Supporters Of Hizbullah And Iran-Backed Shi'ite Militias On Twitter And Telegram Praise Attack On Salman Rushdie

August 14, 2022

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On August 12, 2022, as he was sitting onstage about to deliver a talk at the Chautauqua Institution in western New York, Salman Rushdie, the British-American, 1981 Booker Prize-winning author was stabbed about 10 times. Rushdie's 1988 novel, The Satanic Verses, provoked outrage among many Muslims due to the manner in which the Prophet Muhammad was depicted, and a fatwa calling for Rushdie's assassination was issued in 1989 by Ruhollah Khomeini who was the supreme leader of Iran at the time.

The attacker, who was identified by the authorities as Hadi Matar, a 24-year-old New Jersey man born in the U.S., is from a Lebanese family. According to the mayor of Yaroun, a town in South Lebanon, Matar's parents are natives of Yaroun, but their son was born and raised in the U.S.[1]

Reports in Western and Arab media state that on his social media accounts, which have been blocked since the attack, Matar expresses support for the supreme leader of Iran Ali Khamenei and for Hizbullah leader Hassan Nasrallah. In the fake driving license he was carrying which was confiscated by the authorities, Matar identifies himself as "Hassan Mughniyeh" – a combination of the names of Hassan Nasrallah and Imad Mughniyeh, a senior Hizbullah official who was assassinated in 2008.

As of this writing no organization has claimed responsibility for the attack and the heads of the Iran-backed militias have refrained from relating to the incident in any formal manner. Media identified with Hizbullah have also confined themselves to relatively brief reports about it. However, supporters of the above on social media have not hesitated to express their approval of the assailant who is often described by them as a "hero."

The following is a review of the responses to the attack on Rushdie by supporters of Hizbullah and Iran-backed militias:

Pro-Iran-Backed Militia Telegram Channels: Matar Delivered a Message from Nasrallah That We'll Avenge Anyone Who Offends the Sacred Figures of Islam

Telegram channels that support the Iran-backed militias in Iraq and in Lebanon rushed to praise the attack which they referred to as, "the implementation of Khomeini's fatwa."[2]

On August 13, the Sabereen News Telegram channel, which supports the Iran-backed militias in Iraq, published a drawing of Matar, with accompanying text which notes that he knew what he was doing and that he included clues in his documents, such as the name he chose for himself –"Hassan Mughniyeh" – "to convey a message from the secretary [general of Hizbullah, Hassan Nasrallah] according to which Mughniyeh's legacy is thousands of trained fighters across the world, and anyone who attacks us is fated to be attacked, even if it takes a long time."[3]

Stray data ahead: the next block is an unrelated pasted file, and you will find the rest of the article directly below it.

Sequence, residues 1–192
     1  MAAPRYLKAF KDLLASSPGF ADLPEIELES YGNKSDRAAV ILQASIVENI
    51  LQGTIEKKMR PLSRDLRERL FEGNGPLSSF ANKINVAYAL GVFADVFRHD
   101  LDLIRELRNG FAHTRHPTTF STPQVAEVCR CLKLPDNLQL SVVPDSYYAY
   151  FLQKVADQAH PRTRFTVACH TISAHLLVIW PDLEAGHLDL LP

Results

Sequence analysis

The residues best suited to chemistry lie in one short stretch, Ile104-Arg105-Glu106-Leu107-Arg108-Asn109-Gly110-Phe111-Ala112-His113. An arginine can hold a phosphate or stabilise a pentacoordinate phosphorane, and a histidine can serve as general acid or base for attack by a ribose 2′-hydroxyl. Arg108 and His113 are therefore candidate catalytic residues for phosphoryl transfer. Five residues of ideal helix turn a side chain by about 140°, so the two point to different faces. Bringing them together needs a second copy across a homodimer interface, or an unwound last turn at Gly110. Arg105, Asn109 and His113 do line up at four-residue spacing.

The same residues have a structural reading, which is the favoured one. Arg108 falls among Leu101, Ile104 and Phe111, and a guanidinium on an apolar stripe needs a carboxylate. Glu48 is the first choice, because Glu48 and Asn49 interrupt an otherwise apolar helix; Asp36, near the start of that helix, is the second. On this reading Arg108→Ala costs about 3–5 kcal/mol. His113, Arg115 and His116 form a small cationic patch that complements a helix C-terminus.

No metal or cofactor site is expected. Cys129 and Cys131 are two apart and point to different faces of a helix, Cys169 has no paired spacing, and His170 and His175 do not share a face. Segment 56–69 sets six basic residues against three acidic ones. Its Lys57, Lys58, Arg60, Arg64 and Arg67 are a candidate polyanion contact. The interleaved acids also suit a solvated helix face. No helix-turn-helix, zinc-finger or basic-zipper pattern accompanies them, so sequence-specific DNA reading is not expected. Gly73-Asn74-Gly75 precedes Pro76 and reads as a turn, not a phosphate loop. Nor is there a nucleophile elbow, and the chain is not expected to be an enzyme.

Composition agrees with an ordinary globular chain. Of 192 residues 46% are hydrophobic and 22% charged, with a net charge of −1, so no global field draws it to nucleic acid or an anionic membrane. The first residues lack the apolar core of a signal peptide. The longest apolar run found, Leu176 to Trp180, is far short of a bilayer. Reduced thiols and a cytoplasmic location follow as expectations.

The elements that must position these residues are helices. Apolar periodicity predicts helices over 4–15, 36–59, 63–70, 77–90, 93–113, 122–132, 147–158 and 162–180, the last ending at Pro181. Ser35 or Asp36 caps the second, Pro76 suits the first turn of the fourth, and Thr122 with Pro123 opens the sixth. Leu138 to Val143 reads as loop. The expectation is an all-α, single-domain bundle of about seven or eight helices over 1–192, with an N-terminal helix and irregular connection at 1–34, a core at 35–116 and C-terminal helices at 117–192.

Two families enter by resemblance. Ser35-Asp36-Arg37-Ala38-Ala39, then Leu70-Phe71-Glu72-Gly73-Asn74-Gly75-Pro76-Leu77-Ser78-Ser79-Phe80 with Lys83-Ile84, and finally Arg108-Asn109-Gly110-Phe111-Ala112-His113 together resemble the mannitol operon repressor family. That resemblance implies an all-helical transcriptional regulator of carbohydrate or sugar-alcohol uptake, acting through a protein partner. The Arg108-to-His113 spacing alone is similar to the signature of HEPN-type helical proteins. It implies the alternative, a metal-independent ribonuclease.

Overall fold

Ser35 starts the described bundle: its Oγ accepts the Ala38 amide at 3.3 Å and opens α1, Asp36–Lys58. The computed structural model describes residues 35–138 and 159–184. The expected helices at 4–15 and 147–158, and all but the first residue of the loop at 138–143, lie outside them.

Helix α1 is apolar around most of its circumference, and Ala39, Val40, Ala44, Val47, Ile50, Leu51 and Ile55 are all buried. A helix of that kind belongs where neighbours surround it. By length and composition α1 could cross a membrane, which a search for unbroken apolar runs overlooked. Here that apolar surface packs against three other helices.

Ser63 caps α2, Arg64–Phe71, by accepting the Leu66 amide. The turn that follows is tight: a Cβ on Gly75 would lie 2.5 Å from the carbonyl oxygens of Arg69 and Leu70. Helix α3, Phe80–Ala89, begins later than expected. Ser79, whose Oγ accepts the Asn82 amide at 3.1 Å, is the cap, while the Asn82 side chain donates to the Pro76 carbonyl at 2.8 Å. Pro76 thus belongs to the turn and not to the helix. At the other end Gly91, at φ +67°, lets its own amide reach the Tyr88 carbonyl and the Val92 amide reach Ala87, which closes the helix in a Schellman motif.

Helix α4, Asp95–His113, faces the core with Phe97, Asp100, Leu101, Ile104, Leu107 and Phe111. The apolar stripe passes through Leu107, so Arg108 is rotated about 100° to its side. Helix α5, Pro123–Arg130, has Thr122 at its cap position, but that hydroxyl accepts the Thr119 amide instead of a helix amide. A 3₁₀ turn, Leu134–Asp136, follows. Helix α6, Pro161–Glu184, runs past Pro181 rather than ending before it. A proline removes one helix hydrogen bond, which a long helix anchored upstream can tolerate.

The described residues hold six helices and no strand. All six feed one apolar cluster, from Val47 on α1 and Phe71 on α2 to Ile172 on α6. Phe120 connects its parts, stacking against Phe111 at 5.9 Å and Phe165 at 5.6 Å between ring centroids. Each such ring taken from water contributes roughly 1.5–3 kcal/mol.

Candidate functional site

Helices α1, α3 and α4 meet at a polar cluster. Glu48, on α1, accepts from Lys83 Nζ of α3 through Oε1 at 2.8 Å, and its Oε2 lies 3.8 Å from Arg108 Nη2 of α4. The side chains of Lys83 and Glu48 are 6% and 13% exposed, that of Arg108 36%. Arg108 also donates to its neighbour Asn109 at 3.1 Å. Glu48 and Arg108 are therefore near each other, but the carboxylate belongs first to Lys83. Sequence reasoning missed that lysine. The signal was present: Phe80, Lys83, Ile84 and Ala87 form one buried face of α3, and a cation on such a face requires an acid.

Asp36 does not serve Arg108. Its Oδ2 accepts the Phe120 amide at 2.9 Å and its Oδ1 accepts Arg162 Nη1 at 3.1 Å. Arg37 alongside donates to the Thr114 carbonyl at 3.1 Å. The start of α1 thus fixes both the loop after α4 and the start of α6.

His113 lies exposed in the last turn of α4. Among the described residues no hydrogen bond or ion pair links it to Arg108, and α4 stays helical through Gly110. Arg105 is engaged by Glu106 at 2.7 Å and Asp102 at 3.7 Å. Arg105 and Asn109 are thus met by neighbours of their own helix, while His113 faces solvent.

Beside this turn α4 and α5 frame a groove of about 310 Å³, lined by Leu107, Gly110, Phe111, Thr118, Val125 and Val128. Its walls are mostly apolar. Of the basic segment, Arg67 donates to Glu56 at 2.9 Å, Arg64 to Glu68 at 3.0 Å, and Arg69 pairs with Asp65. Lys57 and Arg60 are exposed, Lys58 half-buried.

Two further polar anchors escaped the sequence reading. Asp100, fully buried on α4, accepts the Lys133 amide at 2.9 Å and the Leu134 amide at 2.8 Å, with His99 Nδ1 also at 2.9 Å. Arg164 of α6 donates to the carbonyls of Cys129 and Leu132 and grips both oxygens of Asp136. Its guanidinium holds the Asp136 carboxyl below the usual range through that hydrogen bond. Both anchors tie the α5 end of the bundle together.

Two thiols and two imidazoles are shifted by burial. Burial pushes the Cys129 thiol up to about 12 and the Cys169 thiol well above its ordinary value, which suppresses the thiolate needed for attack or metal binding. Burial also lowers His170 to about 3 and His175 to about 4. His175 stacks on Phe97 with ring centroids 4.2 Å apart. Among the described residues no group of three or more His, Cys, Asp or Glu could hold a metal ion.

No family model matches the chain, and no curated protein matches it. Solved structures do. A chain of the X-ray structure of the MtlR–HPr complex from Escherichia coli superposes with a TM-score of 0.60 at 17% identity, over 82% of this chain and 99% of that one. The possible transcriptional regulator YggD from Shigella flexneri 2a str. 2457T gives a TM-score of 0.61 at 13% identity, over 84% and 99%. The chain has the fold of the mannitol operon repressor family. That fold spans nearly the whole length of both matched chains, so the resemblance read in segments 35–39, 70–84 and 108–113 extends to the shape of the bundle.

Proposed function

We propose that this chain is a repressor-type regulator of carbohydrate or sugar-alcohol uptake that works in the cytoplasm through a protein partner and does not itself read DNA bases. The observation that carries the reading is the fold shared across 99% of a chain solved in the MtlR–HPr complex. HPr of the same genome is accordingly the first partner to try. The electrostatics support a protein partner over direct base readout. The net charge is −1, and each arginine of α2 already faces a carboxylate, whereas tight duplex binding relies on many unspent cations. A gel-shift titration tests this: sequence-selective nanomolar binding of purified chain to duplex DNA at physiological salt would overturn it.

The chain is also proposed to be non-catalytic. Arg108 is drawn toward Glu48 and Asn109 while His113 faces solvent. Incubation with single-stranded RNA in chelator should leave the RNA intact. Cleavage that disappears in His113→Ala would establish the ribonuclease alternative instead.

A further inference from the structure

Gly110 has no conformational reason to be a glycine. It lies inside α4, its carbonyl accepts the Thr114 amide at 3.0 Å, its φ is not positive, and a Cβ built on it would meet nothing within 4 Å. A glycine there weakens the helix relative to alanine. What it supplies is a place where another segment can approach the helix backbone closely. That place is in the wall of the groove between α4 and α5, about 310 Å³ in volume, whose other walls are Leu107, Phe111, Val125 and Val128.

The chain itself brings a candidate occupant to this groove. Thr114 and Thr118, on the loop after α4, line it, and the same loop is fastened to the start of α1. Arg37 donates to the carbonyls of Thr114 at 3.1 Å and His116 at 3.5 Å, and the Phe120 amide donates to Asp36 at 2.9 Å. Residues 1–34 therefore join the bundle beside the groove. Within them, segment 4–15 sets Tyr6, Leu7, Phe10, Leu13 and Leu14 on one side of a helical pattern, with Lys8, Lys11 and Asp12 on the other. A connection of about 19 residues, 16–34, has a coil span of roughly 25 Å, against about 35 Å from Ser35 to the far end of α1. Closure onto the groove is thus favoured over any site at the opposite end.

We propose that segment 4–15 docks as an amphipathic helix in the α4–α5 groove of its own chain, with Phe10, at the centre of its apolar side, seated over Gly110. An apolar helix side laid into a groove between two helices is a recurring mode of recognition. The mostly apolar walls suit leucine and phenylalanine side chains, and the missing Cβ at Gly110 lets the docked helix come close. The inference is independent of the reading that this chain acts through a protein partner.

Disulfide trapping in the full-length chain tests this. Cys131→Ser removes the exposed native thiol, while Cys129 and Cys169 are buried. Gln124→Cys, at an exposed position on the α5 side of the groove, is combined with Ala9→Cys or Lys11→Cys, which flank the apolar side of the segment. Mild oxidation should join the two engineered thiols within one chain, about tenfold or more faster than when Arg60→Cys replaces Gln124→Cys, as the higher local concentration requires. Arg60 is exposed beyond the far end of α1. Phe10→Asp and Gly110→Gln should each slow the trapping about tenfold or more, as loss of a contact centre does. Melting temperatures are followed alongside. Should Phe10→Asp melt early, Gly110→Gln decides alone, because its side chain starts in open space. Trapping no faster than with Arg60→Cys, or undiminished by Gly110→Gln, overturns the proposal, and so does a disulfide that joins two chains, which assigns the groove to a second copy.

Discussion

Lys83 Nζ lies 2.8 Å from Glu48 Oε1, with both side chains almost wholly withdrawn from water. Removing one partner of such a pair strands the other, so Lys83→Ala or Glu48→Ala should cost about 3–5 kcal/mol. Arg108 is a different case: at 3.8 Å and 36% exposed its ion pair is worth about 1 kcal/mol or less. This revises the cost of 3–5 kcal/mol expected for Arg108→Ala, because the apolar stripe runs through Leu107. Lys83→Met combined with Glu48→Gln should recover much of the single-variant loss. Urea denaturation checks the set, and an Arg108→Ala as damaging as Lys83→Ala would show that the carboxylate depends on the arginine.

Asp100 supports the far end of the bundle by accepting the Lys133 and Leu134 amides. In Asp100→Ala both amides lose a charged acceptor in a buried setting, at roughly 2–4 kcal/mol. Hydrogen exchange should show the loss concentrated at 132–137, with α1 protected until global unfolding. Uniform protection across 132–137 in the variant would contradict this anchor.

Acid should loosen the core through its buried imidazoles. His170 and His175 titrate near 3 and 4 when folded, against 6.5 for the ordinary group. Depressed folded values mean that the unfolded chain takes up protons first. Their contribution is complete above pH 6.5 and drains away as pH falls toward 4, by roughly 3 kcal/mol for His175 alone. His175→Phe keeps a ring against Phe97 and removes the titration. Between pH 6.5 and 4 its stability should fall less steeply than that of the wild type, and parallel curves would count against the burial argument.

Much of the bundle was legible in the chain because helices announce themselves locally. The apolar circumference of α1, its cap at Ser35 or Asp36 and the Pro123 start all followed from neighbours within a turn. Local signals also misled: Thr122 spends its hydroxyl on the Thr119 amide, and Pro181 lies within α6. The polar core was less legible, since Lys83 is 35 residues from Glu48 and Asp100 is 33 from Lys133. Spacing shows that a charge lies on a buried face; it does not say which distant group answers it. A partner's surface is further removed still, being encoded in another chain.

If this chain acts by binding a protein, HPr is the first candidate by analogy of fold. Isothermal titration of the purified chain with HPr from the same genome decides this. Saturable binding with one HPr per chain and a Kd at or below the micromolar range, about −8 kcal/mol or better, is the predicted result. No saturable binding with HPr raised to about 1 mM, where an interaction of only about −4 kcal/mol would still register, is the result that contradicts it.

A Telegram channel which describes itself as "a group of young people who belong to revolutionary Islam, from Iraq, Iran, Lebanon, Palestine, Syria, and Yemen," shared a screenshot allegedly showing a message from Matar who is described as, "The hero of the Islamic nation… months before the operation against the apostate Salman Rushdie." The channel claims that Matar wrote the message in response to an assertion that he wouldn't succeed in killing Rushdie. The screenshot, purportedly taken from Matar's Telegram account, reads, "It's not easy But [sic] I mean I was thinking to have faith in Allah. Allah helped imam ali… lift [sic] Khaybar.[4] Maybe he can help a momim [i.e. believer] get through body guards [sic]. Body guards [sic] are not impossible…"[5]

Hizbullah Supporters on Twitter: Matar is a Hero

Similar sentiments were expressed by Hizbullah supporters on Twitter with the hashtags in Arabic and in English: #HadiMatar, #SalmanRushdie, and in Arabic #VersesOfTheMerciful [Allah], and #DivineVerses in an ironic reference to Rushdie's notorious book, The Satanic Verses. Supporters shared a drawing of Matar at the time of his arrest wearing a red headband emblazoned with the words, "I'm at your command Imam."

Twitter user Hassan Al-Jawad tweeted a drawing of Matar with the accompanying text, "We are the sons of the great Khomeini and we are proud of our deeds."[6] Al-Jawad used the drawing as his profile picture.

Twitter user Muhammad Abouraya from Lebanon also shared the drawing with the accompanying English words, "The Hero."[7]

Hawraa Kobayssi tweeted, "Every Rushdie in this world has [his] Hadi even if it takes time."[8]

Another Twitter used named Fatima tweeted, "We are people who do not abandon our mission even after many years. #SalmanRushdie–Allah'sCurseBeUponHim." In another tweet she wrote, "May your hands [deeds] be blessed."[9]



[1], August 13, 2022.

[3] Telegram, August 13, 2022.

[4] The reference is to the Battle of Khaybar, in which the Muslims fought the Jews who inhabited the Khaybar oasis and defeated them. According to Muslim tradition Ali ibn Abi Ṭalib, the Prophet's son-in-law, the person considered by Shi'ites to be the only legitimate heir o the Prophet, carried the banner of Islam into the battle.

[5] Telegram, August 13, 2022.

[6] Twitter, August 13, 2022.

[7] Twitter, August 13, 2022.

[8] Twitter, August 13, 2022.

[9] Twitter, August 13, 2022.

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